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#159938 - 05/19/07 12:35 AM Re: Who Plays Everything in the Key of "C" ?
FAEbGBD Offline
Member

Registered: 03/20/01
Posts: 847
Loc: Nashvville TN
If keyboard is your main instrument, then I'd submit you should be fluent in at least half the keys, and reasonable in all keys.

Just because I can throw a frozen pizza in the oven, or fry a hamburger patty, or boil noodles, doesn't mean I can call myself a cook. If I have a few definite great specialties, and can reasonably prepare a large variety of other things; then I'll call myself a cook.

I think there are a lot of people who are too free using the words Professional Musician", and I know without doubt there are far far too many people in the music biz who refer to themselves as "artists".
Rather elitist? Maybe, but that's how I see it.

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#159939 - 05/19/07 01:13 AM Re: Who Plays Everything in the Key of "C" ?
Taike Offline
Senior Member

Registered: 03/28/02
Posts: 2674
Loc: Taiwan-Laos-China
Quote:
Originally posted by FAEbGBD:
If keyboard is your main instrument, then I'd submit you should be fluent in at least half the keys, and reasonable in all keys.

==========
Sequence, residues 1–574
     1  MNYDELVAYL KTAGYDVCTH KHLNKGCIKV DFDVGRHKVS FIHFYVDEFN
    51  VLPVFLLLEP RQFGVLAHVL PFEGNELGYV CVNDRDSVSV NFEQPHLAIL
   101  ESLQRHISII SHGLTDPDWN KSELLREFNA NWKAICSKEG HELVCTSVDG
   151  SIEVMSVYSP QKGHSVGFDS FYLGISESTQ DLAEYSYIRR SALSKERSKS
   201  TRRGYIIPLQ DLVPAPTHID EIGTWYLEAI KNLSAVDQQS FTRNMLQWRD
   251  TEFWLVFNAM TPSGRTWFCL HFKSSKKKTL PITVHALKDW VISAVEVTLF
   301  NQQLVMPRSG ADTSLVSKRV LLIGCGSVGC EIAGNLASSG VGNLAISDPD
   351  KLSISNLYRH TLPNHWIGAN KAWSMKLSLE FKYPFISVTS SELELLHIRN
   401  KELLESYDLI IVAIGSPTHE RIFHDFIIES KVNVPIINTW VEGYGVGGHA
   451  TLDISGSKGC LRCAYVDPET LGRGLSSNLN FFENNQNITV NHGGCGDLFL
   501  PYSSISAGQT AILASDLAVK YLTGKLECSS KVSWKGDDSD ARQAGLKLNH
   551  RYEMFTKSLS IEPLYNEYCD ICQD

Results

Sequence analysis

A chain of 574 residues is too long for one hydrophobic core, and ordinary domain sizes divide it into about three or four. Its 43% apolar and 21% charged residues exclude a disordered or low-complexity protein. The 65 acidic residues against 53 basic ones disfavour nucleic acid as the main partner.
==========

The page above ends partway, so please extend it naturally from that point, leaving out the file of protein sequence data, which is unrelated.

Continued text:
Just because I can throw a frozen pizza in the oven, or fry a hamburger patty, or boil noodles, doesn't mean I can call myself a cook. If I have a few definite great specialties, and can reasonably prepare a large variety of other things; then I'll call myself a cook.

I think there are a lot of people who are too free using the words Professional Musician", and I know without doubt there are far far too many people in the music biz who refer to themselves as "artists".
Rather elitist? Maybe, but that's how I see it.


BINGO!!!
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#159940 - 05/19/07 04:11 AM Re: Who Plays Everything in the Key of "C" ?
ianmcnll Offline
Senior Member

Registered: 07/27/05
Posts: 10597
Loc: Cape Breton Island, Canada
Quote:
Originally posted by FAEbGBD:
If keyboard is your main instrument, then I'd submit you should be fluent in at least half the keys, and reasonable in all keys.

Just because I can throw a frozen pizza in the oven, or fry a hamburger patty, or boil noodles, doesn't mean I can call myself a cook. If I have a few definite great specialties, and can reasonably prepare a large variety of other things; then I'll call myself a cook.

I think there are a lot of people who are too free using the words Professional Musician", and I know without doubt there are far far too many people in the music biz who refer to themselves as "artists".
Rather elitist? Maybe, but that's how I see it.


Well said, Rory, and for another POV I might add that some short order "cooks" can work wonders with very little raw material and it is their "presentation" and passion for what they do that brings their servings to the level of a professional, or artist.

Ian